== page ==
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Thursday, 28 May 1942


Mr SPOONER (Robertson) (5:21 AM) . - It is true that the special committee on taxation evolved a formula which it considered to be the most suitable method by which the compensation payable to States may, in certain circumstances, be increased or decreased. After studying the report. the Government believed that this Parliament was the proper authority to examine any proposal to reduce compensation payable to States as the result of the Commonwealth assuming responsibility for a. service now given by the States. As I stated in my secondreading speech, I do not intend to adhere rigidly to the letter of the committee's recommendation if the Government decides, as a matter of policy, to adopt a certain course, and I shall vote against the proposed new clause.


Mr Spender - How will Parliament determine the amount f


Mr SPOONER - Parliament, by amending this legislation, can reduce the amount of compensation. My own preference lay in the direction of the committee's formula, but as the Treasurer (Mr. Chifley) has already declared, the Government has experienced difficulty in convincing the States that it has no ulterior motive in introducing this legislation. Suspicion has been cast upon the Government's sincerity. If the bill had contained a provision to empower the Government at a later date to reduce the compensation payable to a State as the result of relieving it of a service, criticism of the legislation might have been intensified. In order to avoid that difficulty, the Government did not adopt the recommendation of the committee.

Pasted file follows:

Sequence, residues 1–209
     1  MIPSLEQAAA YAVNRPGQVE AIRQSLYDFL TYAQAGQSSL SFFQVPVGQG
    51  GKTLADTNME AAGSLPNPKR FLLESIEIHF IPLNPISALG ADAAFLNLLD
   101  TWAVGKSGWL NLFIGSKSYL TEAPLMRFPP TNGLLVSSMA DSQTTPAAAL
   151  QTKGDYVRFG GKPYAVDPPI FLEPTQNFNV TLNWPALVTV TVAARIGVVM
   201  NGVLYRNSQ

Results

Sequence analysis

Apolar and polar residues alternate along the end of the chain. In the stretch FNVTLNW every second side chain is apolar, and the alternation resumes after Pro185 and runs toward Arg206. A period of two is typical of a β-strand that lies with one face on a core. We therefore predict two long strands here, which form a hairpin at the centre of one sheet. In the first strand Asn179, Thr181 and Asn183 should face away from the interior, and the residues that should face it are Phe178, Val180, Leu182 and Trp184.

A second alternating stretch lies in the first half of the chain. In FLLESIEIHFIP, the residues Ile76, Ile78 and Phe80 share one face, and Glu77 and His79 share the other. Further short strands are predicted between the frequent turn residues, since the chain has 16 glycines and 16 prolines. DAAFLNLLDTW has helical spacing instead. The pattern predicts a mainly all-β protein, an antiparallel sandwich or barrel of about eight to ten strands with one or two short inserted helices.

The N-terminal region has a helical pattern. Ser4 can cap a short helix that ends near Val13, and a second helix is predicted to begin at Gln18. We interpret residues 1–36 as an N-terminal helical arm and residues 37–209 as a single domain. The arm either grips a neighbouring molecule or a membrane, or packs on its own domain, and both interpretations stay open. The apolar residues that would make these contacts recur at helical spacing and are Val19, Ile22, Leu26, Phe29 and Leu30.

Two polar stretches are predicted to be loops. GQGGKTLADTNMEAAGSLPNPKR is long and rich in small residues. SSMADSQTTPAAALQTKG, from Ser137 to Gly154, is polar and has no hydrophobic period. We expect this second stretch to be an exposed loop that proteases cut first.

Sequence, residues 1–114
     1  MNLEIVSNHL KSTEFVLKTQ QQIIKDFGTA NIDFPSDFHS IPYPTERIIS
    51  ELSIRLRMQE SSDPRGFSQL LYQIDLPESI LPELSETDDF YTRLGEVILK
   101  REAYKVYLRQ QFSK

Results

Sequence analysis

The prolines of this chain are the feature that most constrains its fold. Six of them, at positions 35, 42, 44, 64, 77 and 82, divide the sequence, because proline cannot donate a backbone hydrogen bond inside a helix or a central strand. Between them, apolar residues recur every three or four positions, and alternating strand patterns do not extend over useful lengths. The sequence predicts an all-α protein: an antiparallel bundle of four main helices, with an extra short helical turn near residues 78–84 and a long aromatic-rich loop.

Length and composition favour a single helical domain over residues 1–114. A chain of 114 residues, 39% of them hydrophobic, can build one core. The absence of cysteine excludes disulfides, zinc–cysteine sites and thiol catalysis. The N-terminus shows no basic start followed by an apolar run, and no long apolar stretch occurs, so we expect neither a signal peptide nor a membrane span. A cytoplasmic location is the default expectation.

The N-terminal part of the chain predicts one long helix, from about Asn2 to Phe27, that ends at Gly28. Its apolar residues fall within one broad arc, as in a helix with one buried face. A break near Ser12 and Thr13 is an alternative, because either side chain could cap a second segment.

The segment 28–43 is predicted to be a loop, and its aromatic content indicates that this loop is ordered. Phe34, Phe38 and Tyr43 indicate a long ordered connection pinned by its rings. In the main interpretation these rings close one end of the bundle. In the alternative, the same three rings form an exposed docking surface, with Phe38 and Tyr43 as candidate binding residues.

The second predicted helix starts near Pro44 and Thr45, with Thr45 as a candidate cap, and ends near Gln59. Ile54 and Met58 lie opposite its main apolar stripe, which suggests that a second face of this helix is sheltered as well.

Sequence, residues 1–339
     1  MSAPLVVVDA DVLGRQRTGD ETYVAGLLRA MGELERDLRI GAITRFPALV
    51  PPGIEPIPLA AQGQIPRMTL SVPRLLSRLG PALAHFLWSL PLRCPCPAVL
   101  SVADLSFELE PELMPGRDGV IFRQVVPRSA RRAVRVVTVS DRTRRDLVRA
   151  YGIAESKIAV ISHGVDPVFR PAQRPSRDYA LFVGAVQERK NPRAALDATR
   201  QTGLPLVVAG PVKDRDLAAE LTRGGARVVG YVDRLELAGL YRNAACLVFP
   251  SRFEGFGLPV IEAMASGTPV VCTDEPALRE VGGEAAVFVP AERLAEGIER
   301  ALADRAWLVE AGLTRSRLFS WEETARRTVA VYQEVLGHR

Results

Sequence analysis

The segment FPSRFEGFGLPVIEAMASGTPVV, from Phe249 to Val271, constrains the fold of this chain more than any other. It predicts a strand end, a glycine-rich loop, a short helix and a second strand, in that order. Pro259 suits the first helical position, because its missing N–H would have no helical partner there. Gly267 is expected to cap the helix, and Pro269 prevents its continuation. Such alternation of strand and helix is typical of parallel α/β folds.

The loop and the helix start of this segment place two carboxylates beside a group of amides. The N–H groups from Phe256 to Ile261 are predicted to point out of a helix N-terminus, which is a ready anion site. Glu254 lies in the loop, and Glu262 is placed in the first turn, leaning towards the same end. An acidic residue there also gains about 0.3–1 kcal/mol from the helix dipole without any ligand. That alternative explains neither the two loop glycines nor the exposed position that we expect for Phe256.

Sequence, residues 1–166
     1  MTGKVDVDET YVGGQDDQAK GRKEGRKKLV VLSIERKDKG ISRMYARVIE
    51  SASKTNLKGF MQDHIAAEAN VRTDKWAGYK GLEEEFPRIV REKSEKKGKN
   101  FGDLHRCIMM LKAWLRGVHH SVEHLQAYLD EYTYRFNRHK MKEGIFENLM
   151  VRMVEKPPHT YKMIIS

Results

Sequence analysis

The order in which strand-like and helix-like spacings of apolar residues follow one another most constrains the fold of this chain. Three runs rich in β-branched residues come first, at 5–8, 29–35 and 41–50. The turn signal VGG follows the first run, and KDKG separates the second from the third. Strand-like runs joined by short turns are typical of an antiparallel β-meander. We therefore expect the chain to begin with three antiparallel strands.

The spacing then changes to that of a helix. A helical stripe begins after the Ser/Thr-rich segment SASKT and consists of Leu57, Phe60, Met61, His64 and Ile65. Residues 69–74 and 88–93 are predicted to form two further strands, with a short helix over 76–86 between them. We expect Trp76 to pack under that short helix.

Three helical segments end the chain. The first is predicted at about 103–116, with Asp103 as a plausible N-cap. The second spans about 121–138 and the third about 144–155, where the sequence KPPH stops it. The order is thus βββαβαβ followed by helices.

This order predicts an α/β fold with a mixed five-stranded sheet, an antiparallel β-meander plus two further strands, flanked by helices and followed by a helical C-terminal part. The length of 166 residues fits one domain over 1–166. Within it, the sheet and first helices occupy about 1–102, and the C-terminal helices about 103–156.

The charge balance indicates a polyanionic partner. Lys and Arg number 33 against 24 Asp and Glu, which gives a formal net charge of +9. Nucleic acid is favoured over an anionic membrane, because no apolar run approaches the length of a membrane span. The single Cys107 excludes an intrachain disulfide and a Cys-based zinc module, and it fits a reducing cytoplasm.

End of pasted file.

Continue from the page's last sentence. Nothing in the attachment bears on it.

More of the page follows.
Mr Menzies - Incidentally, it is worth £1,500,000 to New South Wales.


Mr SPOONER - I do not agree with that statement. The special committee had in mind services for which the Commonwealth will assume responsibility in the future, and not services that it took over eighteen months ago. It recommended that, after 1st July next, the formula shall be applied for the purpose of reducing the amount of compensation payable to the States if the Commonwealth assumes control of a service that they now perform. The remarks of the honorable member for WakefieLd (Mr. Duncan-Hughes) are irrelevant to this discussion. After all, the scheme will operate for the duration of the war and twelve months thereafter, so that it is terminable. I make " no bones " about my position. The formula which was embodied in the committee's report was my personal preference, but the Government, in order to avoid creating unnecessary suspicion and embarrassment, did not adopt it. I shall not split straws on the bill, but shall vote against the proposed new clause.







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